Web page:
Thursday, April 15, 2010

Another "Adventure" - Part Three

As we approached the Chilean side of the border, we were puzzled about whether we had to park or simply drive through a checkpoint. We asked instructions from the nearest police officer, who informed us that all passengers had to leave the vehicle and stand in line with pertinent paperwork. Our tribe tumbled out of the van and we tried to encourage some semblance of order as we approached the waiting area.

Unfortunately the double stroller for the little boys did not fit in the car this trip, so we had Ian in an umbrella stroller and Alec in a sling on my hip. The latter proved quite cumbersome when we reached the window and began having our documents checked by the agent! I would try to reach into my purse or through the slot to handle paperwork and without my arm to restrain him our little chubby guy would start to topple backwards. When I say "chubby" I mean "chubby" and the weight on my neck and shoulders was tiring and distracting. Eventually Pedro and I discovered that if we stood very close to one another, Alec could rest against his daddy and not fall out of the sling while I was otherwise occupied. But oh, how I wished for that stroller!

Some of the documents we had included were not needed for this step; others we hadn't included were; but eventually we were able to show everything that was requested. New birth certificates for Ian and Alec had arrived literally days before, which we brought in a folder along with birth certificates for each of our other children as well as our own birth certificates and marriage certificate. Here in Chile families have what they call a "libreta de matrimonio" (booklet of marriage) which records the couple's marriage, birth of children, death of family members, etc. Apparently it is similar in appearance to a passport and certainly sounds a lot less complicated than what we carry around. Thankfully, however, the agent did not question our birth certificates from four different states, two different countries and in two foreign languages!

It was frustrating to try and hear the agent from behind his glass window as we stood outside in the night breeze. Also, our older kids were quite antsy after the long ride and we were continually trying to reign them in and keep them away from the curb where cars would eventually pass through once their occupants were cleared to go.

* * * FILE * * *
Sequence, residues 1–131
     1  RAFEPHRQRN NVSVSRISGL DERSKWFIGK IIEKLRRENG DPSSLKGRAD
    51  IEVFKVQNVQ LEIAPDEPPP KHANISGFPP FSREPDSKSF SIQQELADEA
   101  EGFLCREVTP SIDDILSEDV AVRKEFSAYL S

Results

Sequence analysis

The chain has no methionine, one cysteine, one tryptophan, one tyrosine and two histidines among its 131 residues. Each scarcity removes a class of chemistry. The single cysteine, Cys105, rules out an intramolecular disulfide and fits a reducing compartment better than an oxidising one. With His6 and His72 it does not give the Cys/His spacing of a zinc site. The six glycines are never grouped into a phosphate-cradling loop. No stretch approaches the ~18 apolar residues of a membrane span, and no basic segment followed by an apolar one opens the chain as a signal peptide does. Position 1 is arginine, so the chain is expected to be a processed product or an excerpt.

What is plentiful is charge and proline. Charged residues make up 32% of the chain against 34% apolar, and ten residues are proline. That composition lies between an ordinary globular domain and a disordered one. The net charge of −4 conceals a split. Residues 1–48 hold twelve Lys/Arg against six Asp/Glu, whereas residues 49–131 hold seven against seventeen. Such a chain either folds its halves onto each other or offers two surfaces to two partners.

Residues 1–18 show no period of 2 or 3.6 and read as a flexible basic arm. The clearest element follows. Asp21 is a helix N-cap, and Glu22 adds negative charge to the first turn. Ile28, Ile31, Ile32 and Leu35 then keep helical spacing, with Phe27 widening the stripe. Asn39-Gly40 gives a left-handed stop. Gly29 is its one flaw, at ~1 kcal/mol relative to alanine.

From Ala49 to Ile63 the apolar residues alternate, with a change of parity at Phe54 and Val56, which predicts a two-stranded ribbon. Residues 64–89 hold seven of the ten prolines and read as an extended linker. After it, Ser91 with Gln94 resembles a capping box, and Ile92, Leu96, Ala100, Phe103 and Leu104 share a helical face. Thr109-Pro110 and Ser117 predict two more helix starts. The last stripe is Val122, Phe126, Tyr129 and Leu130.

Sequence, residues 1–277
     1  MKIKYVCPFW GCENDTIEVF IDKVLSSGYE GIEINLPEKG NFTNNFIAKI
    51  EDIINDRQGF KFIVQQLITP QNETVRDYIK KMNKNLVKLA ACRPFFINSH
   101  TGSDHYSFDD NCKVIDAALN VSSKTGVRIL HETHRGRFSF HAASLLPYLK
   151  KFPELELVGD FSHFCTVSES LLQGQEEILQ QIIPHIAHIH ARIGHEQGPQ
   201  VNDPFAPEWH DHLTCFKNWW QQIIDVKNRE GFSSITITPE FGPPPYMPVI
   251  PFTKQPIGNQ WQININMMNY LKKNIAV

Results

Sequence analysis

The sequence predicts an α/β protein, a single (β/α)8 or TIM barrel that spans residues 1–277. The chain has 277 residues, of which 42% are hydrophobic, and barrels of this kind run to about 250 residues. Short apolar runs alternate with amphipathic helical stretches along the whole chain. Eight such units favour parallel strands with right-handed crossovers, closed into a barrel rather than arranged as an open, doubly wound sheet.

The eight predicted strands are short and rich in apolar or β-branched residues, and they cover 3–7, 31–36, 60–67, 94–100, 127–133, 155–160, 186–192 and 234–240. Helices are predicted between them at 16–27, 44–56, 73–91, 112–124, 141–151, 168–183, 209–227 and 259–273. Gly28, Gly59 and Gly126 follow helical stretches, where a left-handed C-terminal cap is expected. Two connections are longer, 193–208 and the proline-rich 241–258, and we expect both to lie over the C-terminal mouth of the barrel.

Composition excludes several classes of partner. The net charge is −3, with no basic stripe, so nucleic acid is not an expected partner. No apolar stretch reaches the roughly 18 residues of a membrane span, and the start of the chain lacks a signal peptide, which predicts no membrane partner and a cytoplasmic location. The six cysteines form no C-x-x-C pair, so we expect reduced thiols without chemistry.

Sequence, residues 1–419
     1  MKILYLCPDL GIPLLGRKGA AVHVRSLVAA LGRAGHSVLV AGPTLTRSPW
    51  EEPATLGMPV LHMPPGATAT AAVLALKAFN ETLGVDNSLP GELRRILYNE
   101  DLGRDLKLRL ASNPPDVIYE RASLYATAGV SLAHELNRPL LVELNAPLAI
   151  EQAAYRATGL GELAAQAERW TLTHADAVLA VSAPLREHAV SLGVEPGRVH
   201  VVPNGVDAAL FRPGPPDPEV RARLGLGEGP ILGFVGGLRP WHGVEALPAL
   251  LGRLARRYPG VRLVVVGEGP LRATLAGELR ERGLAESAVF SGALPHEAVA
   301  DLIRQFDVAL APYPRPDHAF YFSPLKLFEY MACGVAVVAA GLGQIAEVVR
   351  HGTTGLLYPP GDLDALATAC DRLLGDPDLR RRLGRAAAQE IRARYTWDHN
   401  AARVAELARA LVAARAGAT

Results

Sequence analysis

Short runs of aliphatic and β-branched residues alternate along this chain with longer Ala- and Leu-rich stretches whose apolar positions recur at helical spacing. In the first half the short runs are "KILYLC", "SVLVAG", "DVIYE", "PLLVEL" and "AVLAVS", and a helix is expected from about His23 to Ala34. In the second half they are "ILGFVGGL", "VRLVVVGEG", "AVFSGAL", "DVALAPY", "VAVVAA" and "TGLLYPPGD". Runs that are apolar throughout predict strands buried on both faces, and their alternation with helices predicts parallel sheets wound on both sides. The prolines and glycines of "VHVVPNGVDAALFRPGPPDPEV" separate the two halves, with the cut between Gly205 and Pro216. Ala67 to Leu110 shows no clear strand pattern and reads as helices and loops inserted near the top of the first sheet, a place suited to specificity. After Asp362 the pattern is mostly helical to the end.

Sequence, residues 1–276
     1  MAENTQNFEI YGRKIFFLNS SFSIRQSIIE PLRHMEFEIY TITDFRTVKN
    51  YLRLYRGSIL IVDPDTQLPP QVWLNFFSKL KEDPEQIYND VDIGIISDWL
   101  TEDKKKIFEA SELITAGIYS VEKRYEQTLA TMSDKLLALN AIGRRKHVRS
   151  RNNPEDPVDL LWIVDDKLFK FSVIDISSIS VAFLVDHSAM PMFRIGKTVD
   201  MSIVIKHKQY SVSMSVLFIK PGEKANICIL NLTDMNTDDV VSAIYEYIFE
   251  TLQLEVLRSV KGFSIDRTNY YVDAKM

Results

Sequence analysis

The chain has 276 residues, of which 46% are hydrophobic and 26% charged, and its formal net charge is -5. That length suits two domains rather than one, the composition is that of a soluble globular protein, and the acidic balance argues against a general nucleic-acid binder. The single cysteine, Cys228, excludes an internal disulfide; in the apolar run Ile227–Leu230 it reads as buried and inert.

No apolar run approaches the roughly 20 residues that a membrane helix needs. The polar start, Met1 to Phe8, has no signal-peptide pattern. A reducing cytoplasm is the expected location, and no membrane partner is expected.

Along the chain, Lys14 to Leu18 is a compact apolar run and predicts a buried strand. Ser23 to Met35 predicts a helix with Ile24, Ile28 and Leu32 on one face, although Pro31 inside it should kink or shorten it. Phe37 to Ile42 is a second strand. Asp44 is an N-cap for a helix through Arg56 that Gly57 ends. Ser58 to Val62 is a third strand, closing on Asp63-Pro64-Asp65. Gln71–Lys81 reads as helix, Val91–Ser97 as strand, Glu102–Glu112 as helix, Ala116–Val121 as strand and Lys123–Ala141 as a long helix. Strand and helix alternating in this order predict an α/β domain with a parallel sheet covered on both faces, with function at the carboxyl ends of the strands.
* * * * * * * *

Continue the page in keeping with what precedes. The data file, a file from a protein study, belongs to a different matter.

Finally, the first agent approved us and we were sent to the next window. Here we found ourselves nearly turned away for a reason we had not anticipated. Rather than accepting Pedro's US passport, as the other agent had, this agent requested his Chilean identity card. If you know anything of our paperwork woes you might remember that Pedro's carnet has been expired for quite some time thanks to one woman's campaign against foreign names with suffixes. He has been in-process to get a new residency card and subsequently a new carnet for a number of months with no immediate end in sight. Because of this expiration, the agent behind window number two did not want to allow our group to drive through to Tacna. I explained the situation as clearly as I could and stated that we had been told by the Civil Registry office that everything would be okay as long as Pedro's paperwork was "en tramite" (in-process.)

"Everything is okay for their office," she retorted. "But not for ours." Aaargh! Can you say one hand, other hand?? Finally she hesitatingly agreed to let us through, remarking pointedly that "let's hope you come back." I almost laughed and said to her: "Ma'am, we have a home in Chile and are traveling with FIVE children. There is no way we want to stay in Peru with all these kids!"

At this point Pedro was told to head back to the car with his forms and the rest of us were told to wait at the opposite corner for his arrival. Our friend Martha accompanied us on this trip and I was appreciative of the extra set of arms as we attempted to coordinate potty breaks and watch little kids and keep hyper big kids out of trouble until Daddy appeared!

At last he pulled up and we crowded back into the van without worrying about seatbelts, since the Peruvian checkpoint was just shortly up the road ...

1 comment:

Amanda said...

Once your (collective) permanencia comes through, you can get a libreta de familia, too. (How's that for a Spanish-English sentence that only Chile-dwellers can understand?)